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Stevenson v. Cosgrove






APPEAL from the Circuit Court of La Salle County; the Hon. WENDELL THOMPSON, Judge, presiding.


Plaintiff Eugene Stevenson, La Salle County Superintendent of Highways, filed this mandamus action to compel Francis D. Cosgrove, Road Commissioner for Peru Township, to provide maintenance for West Lynnwood Drive located in the First Addition of Lynnwood Subdivision, an unincorporated area in Peru Township. Cosgrove defended the suit on two grounds: (1) the street had never been accepted into the township road system, and (2) available township road funds were insufficient to pay the cost of repair and maintenance work. Judgment was entered on the jury verdict in favor of defendant, and plaintiff appeals.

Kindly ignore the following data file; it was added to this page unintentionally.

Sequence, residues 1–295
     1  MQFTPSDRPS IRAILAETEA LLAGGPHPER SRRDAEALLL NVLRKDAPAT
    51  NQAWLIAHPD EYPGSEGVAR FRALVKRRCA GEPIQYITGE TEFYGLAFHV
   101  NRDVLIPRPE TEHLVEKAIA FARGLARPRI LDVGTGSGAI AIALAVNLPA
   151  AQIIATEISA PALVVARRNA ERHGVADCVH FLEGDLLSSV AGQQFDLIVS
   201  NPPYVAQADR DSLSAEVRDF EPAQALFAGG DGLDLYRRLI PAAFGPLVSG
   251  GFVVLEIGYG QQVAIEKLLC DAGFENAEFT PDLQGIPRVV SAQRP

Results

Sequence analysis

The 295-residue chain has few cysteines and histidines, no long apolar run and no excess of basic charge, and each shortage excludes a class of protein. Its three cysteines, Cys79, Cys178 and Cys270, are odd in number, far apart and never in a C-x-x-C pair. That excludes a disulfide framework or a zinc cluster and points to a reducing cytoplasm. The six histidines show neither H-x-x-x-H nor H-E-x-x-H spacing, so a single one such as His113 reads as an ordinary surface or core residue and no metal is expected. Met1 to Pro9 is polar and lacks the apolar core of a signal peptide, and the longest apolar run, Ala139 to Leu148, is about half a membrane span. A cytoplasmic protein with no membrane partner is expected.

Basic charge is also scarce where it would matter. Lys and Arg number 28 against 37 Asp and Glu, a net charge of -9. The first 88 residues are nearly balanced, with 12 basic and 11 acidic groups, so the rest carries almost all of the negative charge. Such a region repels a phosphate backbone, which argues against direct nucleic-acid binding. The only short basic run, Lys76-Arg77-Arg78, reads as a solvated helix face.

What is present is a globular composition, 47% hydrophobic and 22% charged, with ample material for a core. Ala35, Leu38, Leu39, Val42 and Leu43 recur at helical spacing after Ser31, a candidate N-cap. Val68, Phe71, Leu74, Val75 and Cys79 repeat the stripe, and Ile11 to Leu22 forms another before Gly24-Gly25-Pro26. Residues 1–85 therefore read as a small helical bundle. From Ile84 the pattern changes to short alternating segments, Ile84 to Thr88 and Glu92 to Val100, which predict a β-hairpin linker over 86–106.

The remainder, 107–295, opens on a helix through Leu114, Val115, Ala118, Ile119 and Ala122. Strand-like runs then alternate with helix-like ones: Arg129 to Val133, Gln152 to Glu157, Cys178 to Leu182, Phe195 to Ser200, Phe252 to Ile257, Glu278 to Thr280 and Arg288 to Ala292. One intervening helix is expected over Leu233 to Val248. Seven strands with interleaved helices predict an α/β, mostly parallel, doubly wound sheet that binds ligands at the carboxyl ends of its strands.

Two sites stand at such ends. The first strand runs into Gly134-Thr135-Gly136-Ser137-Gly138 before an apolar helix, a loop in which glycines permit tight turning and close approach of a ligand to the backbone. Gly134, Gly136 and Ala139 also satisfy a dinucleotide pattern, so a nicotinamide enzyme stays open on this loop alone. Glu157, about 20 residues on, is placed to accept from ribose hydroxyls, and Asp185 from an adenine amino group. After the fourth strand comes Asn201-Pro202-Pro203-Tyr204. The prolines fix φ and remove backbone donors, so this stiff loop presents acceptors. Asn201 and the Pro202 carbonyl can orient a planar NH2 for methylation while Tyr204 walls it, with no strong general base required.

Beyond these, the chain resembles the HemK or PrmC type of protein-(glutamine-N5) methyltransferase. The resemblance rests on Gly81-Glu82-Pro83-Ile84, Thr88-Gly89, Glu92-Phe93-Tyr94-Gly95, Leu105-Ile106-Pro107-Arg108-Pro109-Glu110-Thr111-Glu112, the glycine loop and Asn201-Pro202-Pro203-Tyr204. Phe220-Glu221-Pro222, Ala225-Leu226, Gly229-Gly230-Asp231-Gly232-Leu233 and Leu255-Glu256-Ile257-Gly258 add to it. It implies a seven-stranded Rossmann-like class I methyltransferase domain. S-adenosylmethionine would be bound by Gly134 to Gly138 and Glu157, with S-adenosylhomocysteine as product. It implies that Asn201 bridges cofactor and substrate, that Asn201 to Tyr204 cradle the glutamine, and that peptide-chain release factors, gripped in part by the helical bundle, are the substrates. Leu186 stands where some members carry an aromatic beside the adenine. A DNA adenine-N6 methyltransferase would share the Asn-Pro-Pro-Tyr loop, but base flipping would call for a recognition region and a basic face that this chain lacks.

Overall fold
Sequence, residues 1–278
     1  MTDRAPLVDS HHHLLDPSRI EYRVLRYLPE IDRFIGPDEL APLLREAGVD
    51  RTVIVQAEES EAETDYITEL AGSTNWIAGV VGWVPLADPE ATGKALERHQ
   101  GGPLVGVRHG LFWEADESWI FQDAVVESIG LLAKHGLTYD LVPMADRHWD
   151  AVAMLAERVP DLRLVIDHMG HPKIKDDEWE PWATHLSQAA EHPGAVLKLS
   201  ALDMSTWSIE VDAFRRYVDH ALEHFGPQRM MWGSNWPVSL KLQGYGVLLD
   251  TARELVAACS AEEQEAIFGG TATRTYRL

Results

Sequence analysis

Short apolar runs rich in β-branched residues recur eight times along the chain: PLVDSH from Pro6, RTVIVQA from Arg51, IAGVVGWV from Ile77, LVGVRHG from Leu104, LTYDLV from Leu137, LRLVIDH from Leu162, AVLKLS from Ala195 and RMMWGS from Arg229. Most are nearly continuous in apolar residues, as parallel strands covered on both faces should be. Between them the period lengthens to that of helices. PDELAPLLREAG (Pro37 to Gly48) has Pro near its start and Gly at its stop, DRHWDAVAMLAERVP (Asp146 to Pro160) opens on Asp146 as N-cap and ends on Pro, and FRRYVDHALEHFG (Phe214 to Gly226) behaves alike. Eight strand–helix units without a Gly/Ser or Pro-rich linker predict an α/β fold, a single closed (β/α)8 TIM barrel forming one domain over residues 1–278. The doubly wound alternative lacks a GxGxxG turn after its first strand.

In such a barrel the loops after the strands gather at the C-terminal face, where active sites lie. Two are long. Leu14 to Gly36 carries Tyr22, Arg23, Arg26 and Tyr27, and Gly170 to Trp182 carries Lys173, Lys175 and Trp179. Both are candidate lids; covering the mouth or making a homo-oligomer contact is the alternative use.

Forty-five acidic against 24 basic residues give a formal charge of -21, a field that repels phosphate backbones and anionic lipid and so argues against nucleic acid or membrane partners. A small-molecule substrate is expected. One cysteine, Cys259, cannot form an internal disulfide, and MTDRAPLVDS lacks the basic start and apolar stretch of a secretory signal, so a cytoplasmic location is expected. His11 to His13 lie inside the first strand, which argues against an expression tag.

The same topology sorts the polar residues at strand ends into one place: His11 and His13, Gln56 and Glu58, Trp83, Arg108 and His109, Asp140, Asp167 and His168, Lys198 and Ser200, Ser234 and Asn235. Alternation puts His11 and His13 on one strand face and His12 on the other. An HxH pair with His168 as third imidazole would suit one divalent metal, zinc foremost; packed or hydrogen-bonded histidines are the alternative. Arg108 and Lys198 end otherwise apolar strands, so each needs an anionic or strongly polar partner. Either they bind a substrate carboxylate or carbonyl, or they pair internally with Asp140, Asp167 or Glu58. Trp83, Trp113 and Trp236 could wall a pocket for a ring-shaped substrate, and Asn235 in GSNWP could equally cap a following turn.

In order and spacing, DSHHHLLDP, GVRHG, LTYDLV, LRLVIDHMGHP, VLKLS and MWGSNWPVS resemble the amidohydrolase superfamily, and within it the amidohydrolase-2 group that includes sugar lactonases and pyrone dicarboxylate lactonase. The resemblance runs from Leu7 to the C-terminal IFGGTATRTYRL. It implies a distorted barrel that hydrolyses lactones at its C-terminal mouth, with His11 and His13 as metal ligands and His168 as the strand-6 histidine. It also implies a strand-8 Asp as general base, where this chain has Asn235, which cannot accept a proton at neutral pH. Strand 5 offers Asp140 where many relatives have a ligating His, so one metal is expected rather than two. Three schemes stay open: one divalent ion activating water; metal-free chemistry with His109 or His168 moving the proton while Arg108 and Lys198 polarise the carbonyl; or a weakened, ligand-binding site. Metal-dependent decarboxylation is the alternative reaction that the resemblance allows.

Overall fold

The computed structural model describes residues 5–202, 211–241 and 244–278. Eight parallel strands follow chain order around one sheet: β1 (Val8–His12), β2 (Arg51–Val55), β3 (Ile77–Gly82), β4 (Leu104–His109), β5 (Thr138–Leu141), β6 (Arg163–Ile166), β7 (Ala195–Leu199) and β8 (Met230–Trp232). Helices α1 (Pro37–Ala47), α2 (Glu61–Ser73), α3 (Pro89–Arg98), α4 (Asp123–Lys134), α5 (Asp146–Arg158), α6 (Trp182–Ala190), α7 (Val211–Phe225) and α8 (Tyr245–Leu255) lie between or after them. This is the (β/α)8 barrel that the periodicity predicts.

The plat for Lynnwood Subdivision's First Addition was filed in 1965. West Lynnwood Drive provided access into part of the subdivision from South Bluff Road and was designed to end in a cul-de-sac. However, before the street was completed, a plat for the Second Addition was filed which included a street extending West Lynnwood Drive into the Second Addition. As a consequence, the original cul-de-sac would not be needed. The Second Addition was never completed, and its streets have never been accepted by the township because they do not meet the county's specifications. At the time of trial, West Lynnwood Drive ended approximately at the boundary between the First and Second Additions where a barricade was placed across the road.

A letter from plaintiff to the County Industrial Development and Planning Committee, dated August 21, 1968, was introduced into evidence, which stated: